5 Ways_handle things unsaid

5 Ways To Handle Things Left Unsaid

Rebecca Andersonby Rebecca Anderson, RN

As a hospice nurse who has experienced parental loss, I draw on my personal experiences with the grief and loss of both my parents to offer guidance to the families I serve at Hospice of the Red River Valley.

Rebecca and mom
Rebecca and her mom Terry

Just as each life is unique, so was the loss of each parent for me and the things I wish I would have been able to say before each of their passing.

When I was three and a half years old, I lost my mother Terry to breast cancer when she was only 31 years old. This loss changed my life significantly, and I was left with feelings of fear and worry about losing others in my life.

At such a young age, I didn’t understand what took my mother away from me, and I couldn’t possibly have been able to express everything I felt at the time.

Rebecca and her dad Alan

Two years ago, I unexpectedly lost my dad Alan to a massive heart attack. Growing up without a mom during most of my childhood, I was a “Daddy’s girl.”

I cherish the last conversation I had with him on his 79th birthday, just days prior to his death. I remember teasing him about his next birthday being his “big 8-0” and ending our conversation by telling him I loved him.

I had no way of knowing these would be the last words I would get to say to my father, but I feel blessed I told him I loved him in our last conversation together.

These deeply personal experiences have allowed me to connect and relate to families who are struggling with their loved one’s end of life. Although there will always be one more thing we wish we could have said to someone we loved so deeply, or someone who we had a challenging relationship with, there are ways we can allow ourselves a little grace after the death of a person who was close to us.

  1. Allow for acceptance of the situation. We tend to be the hardest on ourselves, especially during times of immense stress. Allow yourself to accept that you cannot go back in time or change what you did or did not say to the person who died.
  2. Express your thoughts. Many times we feel things or experience a weight in our heart after a loss. Find a way to express those feelings about the person who died. Write a letter to the person or journal about them.
  3. Spend time in a notable space. Spend time in a place where you feel “close” to your loved one and express how you feel in that space. Express your feelings out loud to them, or consider role playing with a trusted friend or professional.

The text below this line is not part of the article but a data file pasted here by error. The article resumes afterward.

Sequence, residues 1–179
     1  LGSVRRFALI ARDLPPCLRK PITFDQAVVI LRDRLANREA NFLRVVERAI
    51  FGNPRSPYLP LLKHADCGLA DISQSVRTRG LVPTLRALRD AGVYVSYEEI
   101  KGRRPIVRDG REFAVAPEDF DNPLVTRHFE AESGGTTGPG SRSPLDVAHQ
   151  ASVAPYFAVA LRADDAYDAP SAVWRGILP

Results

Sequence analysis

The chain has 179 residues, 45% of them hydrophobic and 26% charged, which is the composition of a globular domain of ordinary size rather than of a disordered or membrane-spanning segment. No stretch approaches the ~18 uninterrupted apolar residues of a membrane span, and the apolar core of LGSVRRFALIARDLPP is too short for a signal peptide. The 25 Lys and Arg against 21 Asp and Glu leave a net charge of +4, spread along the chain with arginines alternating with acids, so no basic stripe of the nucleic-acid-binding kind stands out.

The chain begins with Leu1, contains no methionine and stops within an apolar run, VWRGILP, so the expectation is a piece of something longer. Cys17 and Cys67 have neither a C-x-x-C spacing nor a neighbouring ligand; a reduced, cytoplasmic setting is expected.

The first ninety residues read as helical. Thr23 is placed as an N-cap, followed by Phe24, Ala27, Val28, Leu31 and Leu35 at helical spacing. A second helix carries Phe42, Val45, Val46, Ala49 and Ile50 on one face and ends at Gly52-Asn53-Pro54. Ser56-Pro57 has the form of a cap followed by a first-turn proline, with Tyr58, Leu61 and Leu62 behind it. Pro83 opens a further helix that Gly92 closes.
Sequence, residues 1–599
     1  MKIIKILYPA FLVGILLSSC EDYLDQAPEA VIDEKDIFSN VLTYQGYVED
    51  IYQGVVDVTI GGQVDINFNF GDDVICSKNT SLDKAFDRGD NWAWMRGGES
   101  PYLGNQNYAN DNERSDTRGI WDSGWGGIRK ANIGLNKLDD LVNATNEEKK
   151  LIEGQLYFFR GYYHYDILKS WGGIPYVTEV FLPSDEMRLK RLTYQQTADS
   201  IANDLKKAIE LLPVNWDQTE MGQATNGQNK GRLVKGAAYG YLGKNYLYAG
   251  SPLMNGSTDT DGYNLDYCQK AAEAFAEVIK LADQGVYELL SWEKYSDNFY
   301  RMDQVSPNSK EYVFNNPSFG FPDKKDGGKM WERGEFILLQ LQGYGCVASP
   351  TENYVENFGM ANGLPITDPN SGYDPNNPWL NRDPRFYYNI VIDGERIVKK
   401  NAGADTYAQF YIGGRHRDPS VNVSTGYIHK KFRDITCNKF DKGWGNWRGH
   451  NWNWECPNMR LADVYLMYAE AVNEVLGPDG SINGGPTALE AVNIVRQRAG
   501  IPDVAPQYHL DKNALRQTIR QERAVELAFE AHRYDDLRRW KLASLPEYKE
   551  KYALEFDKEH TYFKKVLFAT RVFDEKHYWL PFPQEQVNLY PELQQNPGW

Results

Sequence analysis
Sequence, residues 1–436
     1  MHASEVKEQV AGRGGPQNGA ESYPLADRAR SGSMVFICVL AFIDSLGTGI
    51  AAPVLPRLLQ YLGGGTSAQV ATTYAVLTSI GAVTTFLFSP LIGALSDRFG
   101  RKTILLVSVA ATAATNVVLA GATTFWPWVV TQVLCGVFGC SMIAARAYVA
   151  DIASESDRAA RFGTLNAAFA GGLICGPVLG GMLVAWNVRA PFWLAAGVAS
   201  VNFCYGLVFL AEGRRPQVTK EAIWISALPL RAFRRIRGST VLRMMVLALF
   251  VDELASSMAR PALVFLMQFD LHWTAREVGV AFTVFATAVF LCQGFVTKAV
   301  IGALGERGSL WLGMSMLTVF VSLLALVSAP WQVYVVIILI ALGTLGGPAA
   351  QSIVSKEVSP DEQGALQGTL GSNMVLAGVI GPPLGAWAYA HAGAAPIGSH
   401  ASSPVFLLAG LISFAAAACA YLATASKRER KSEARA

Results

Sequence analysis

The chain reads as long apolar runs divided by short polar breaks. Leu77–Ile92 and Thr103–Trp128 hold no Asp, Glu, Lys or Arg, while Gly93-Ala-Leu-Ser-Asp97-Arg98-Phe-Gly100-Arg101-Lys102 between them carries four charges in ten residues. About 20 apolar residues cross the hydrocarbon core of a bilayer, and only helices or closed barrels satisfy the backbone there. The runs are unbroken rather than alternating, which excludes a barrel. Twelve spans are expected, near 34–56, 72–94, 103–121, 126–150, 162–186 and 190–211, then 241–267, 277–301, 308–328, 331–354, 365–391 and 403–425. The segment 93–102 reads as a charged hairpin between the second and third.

4. Forgive yourself. Try to release yourself from guilt and regret. There’s an old saying: “When we know better, we do better.” It can be applied to a situation where things were left unsaid. When you reflect on any relationship in your life, you can most likely identify something you could have said or done differently. But in nearly all cases, we do the best we can with the knowledge we have at the time. Allow yourself the grace to know you did the best you could in that particular situation.
  5. Go forth and do differently. You cannot change the past, but you can use your previous experiences and feelings to change how you communicate with the important people who are still in your life.

My experiences have shaped the person I am today and the work I do as a hospice nurse. Oftentimes, I can relate to the feelings people have when they are losing a loved one. I have felt similar pain and can empathize and understand families whose journeys I am honored to be a part of at Hospice.

I encourage families be present and in the moment with the person who is dying and share their thoughts and feelings now so they have fewer regrets and less guilt later on.

If you or someone you know is grieving, we encourage you to take advantage of the groups, classes or individual support we offer through our bereavement department. For more information, please call (800) 237-4629 and ask for the bereavement department, or visit our website.

Rebecca Anderson is a registered nurse with Hospice of the Red River Valley.

About Hospice of the Red River Valley
Hospice of the Red River Valley is an independent, not-for-profit hospice serving all, or portions of, 29 counties in North Dakota and Minnesota. Hospice care is intensive comfort care that alleviates pain and suffering, enhancing the quality of life for patients with life-limiting illnesses and their loved ones by addressing their medical, emotional, spiritual and grief needs. For more information, call toll free 800-237-4629, email questions@hrrv.org or visit www.hrrv.org.